The Strength of Vulnerability

“Vulnerability sounds like truth and feels like courage. Truth and courage aren’t always comfortable, but they’re never weakness.”

Brené Brown 

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Somehow in our society it has become commonplace to think that someone who shows their emotions is weak and someone who is stoic and seemingly unbothered by life’s challenges is strong. However, that idea couldn’t be more wrong. The exact opposite is true. When we allow ourselves to be vulnerable in a given moment, it is then that we are actually displaying our true strength.

As men, we are often taught that being emotional and being in touch with our feelings is a sign of weakness. They say, “It is only proper for girls to be vulnerable. Men aren’t supposed to have negative emotions outside of anger. Men are definitely not supposed to express those negative emotions. And there is absolutely no excuse for a man to ever cry.” But as a human-being, we all have emotions. Positive and negative. Our emotions are meant to be felt and expressed. With this understanding, we can move from a place of letting our ego be in control, to really letting our soul shine through.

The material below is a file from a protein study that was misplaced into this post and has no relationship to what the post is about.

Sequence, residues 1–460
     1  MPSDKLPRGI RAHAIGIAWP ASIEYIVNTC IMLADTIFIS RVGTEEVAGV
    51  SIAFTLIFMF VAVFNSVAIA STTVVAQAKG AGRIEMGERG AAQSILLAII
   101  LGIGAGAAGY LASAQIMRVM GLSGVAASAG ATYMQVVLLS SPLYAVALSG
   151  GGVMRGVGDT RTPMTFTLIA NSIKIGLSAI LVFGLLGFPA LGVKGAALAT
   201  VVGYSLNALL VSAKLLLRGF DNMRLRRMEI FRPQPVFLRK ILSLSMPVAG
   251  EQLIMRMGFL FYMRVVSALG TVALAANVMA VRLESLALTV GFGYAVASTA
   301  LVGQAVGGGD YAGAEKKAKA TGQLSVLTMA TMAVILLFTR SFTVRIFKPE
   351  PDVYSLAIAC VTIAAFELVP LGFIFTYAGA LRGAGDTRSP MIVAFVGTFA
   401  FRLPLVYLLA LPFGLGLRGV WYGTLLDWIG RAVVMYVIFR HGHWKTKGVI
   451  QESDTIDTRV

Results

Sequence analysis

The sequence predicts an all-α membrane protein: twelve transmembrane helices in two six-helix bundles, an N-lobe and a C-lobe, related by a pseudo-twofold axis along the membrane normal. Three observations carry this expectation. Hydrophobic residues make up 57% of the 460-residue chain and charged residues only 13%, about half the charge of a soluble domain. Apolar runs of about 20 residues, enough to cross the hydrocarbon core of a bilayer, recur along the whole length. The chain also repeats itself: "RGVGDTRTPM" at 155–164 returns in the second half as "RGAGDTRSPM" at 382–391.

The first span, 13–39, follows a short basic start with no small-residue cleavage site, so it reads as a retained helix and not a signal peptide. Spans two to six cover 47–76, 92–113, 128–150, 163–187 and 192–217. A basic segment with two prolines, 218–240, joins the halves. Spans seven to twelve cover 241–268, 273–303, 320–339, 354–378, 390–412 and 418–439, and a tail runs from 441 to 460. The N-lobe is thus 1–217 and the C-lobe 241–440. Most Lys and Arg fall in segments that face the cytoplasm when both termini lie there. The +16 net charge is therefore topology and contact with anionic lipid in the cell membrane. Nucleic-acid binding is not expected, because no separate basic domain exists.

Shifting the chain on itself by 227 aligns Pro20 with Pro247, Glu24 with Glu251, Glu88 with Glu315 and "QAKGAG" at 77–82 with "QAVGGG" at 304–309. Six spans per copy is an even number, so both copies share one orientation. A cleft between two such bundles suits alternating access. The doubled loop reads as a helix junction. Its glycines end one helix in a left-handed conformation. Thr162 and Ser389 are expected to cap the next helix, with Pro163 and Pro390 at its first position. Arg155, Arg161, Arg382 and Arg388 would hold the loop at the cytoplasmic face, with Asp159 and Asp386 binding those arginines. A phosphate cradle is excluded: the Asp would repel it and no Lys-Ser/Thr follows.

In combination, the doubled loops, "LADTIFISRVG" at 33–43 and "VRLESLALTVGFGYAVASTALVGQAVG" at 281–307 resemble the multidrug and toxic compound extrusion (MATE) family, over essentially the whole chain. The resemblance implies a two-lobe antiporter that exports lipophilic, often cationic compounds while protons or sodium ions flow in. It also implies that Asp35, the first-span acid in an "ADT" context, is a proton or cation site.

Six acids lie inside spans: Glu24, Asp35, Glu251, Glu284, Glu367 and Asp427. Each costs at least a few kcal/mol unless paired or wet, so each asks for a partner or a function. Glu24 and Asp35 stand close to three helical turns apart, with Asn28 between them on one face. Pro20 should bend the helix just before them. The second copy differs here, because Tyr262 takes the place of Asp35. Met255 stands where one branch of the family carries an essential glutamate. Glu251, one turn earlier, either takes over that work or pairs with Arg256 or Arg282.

One of the most important things that we can do is to teach our children and our youth how to express their feelings. So many times we tell our kids to “Suck it up” or “Stop crying and don’t be sad“. Such statements are often made by loving parents who do not want to see their children hurt and in pain. The error is that we are teaching our children to deny their feelings. We are teaching them that they should not feel any type of sadness or hurt. Instead, what we should be teaching our youth is how to feel their emotions and let them pass as they naturally will.  What ends up happening is that instead of learning how to feel their emotions, children start to build up walls to protect themselves from feeling much at all. These walls often carry into their adult lives and create unnecessary struggles for them in the forms of  trust issues, defensiveness, and sabotaging a good thing in the fear of being hurt by it. By guiding our children through the right way to deal with their feelings, we can help them establish strong emotional grounding that will support them as they grow into adults.

I’ve found that one of my biggest challenges has been opening up my heart again and expressing those emotions that are deep inside. Sometimes it seems easier for me to pretend as though everything is okay, rather than to let someone know that I am actually upset or saddened by something. But as I am learning, I see that without feeling you are not truly alive. You have to be able to feel. 

It is okay to have feelings of sadness, of heartbreak, of despair, of hopelessness and of other negative emotions at times. What is not okay is ignoring your feelings as if they don’t exist. When emotions are kept bottled up, it is unhealthy on many levels. Bottled up emotions often are the root of extreme expressions such as rage and tantrums. And they are also the cause of many physical dis-eases such as ulcers, cancers, etc.